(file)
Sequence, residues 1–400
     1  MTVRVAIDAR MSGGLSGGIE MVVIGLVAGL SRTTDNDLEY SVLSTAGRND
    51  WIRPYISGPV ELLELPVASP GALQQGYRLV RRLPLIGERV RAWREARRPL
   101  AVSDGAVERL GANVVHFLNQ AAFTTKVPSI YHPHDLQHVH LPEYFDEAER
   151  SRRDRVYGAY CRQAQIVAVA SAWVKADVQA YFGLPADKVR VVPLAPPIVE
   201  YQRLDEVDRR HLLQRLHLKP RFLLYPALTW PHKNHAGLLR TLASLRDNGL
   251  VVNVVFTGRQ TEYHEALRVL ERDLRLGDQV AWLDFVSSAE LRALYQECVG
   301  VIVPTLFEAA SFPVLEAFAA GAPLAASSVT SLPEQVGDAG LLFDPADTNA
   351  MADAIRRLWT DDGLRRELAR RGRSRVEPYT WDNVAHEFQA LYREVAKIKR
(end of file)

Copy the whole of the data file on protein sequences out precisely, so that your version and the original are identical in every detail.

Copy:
Sequence, residues 1–400
     1  MTVRVAIDAR MSGGLSGGIE MVVIGLVAGL SRTTDNDLEY SVLSTAGRND
    51  WIRPYISGPV ELLELPVASP GALQQGYRLV RRLPLIGERV RAWREARRPL
   101  AVSDGAVERL GANVVHFLNQ AAFTTKVPSI YHPHDLQHVH LPEYFDEAER
   151  SRRDRVYGAY CRQAQIVAVA SAWVKADVQA YFGLPADKVR VVPLAPPIVE
   201  YQRLDEVDRR HLLQRLHLKP RFLLYPALTW PHKNHAGLLR TLASLRDNGL
   251  VVNVVFTGRQ TEYHEALRVL ERDLRLGDQV AWLDFVSSAE LRALYQECVG
   301  VIVPTLFEAA SFPVLEAFAA GAPLAASSVT SLPEQVGDAG LLFDPADTNA
   351  MADAIRRLWT DDGLRRELAR RGRSRVEPYT WDNVAHEFQA LYREVAKIKR